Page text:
CONCESSIONS TRANSFERRED BACK TO LAND BOARD
In January 2014, former president Ian Khama, through the then Minister of Lands Lebonaamang Mokalake, issued a directive in which the Ministry of Tourism, then under the captaincy of his younger brother Tshekedi as minister, assumed the mandate to manage, allocate and deal with parcels of land specified in the directive. The land parcels included lucrative tourism concessions. The decision was believed to have been aimed at ensuring that the Khamas gained direct control of concessions so as to themselves influence and allocate the concessions without referring to anyone.
When he assumed the presidency, Masisi reversed the Khamas’ decision by means of a presidential a directive of his own, CAB 3(A)/2019. Subsequently, a savingram from the Ministry of Lands Water and Sanitation written to all land boards dated 14 May 2019 states that Mokalake’s 2014 decision had been rescinded with the consequent effect of bestowing on the land boards the responsibility of land management and ancillary matters in accordance with policy and law.
In Ngamiland, a total of 29 concessions have thus been handed back to the land authorities as tribal land. This includes Concession NG23A from which the Jouberts have allegedly profited from without a lease. Under the revised system, Concession NG23A was subsequently awarded to Makgobokgobo Youth Trust by Tawana Land Board. Great Plains also operated NG32 which has also been transferred to TLB. Further, Banoxi (Pty), trading as Great Plains, has since 2014 operated NG23 without a lease from BTO or the Okavango Community Trust. The Jouberts bought NG23 from Wilderness safaris in 2012. NG23 Concession is located on the edge of the Okavango Delta, a lucrative area in Botswana’s tourism destinations. Joubert however told this publication that he has permission from BTO to operate.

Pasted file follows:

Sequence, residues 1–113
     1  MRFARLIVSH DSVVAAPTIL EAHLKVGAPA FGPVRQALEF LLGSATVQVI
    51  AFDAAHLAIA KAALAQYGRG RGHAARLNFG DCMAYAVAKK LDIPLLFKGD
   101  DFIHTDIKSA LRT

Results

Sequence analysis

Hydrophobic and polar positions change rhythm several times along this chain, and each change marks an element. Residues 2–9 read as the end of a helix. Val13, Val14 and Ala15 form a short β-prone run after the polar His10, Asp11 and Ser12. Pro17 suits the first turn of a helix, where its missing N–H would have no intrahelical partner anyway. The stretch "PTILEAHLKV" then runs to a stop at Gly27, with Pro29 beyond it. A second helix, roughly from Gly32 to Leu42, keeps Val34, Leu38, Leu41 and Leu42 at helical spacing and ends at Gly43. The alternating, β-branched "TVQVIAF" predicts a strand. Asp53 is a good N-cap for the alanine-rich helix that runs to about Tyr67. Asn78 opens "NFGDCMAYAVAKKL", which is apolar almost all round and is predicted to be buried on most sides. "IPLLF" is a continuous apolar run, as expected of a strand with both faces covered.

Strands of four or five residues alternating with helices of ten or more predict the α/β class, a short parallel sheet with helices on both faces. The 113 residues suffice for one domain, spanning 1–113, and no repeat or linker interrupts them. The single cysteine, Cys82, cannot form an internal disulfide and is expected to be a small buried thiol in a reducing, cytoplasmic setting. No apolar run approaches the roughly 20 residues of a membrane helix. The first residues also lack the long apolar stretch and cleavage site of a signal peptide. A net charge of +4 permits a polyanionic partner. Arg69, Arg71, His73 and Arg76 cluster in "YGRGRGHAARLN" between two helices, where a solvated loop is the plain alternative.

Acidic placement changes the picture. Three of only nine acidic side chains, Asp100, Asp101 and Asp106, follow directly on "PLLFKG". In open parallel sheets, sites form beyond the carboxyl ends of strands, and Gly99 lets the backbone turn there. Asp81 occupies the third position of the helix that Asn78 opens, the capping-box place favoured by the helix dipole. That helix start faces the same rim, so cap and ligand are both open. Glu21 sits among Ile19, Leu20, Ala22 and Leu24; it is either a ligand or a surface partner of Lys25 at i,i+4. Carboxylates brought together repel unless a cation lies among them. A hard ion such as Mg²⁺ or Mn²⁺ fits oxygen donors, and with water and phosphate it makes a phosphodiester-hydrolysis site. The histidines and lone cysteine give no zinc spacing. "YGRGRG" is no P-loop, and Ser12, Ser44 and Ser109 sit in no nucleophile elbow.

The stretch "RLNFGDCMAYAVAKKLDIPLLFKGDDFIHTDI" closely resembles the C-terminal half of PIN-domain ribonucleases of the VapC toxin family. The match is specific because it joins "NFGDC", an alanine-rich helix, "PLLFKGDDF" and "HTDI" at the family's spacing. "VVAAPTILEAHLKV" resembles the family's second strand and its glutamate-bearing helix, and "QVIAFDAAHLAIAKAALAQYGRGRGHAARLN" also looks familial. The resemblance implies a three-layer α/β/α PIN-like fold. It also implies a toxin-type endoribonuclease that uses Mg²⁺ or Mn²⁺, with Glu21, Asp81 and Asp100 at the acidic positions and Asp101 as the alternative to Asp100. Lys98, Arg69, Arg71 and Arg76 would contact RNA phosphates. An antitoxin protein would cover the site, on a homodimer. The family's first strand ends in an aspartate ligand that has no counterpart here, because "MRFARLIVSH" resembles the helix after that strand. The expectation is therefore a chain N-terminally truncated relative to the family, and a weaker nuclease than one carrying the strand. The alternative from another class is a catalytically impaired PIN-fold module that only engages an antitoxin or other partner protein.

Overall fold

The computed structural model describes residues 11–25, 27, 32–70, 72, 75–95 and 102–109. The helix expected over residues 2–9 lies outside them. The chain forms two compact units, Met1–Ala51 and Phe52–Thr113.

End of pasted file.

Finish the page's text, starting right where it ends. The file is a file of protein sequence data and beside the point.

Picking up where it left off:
CONCESSIONS THAT GOVERNMENT WILL NOT RENEW
When President Masisi took a decision to lift a controversial ban on hunting last year, Joubert and his business partner in former president Khama were the first to the frontline of vitriolic criticism of Masisi whom they accused of introducing “blood law.” Masisi responded by pointing out that his critics were the very people benefiting from the hunting ban much to the detriment of Batswana. He swore that government would not renew their lease agreements and would instead ensure that Batswana also benefited from tourism. In the archives of Safari Club International (SCI), a document authored in 1996 reveals how Botswana’s ex-president Ian Khama, in cahoots with personal friend Derek Joubert and Conservation International (CI), had deliberately introduced the hunting ban to benefit filmmakers, especially Joubert, and safari photojournalists to the exclusion of native Batswana.
Linyanti Explorations (Pty) Ltd, trading as Great Plains, operates NG16, which Joubert co-owns with the former president. NG16 is among concessions that will not expire until 2025. Inside NG16, Linyanti Explorations (Pty) Ltd has four tourist camps – Selinda, Zarafa, Motswiri and Explorer. The current lease is from 2010 and will expire at the end of 2025. The company was given the lease during Ian Khama’s presidency.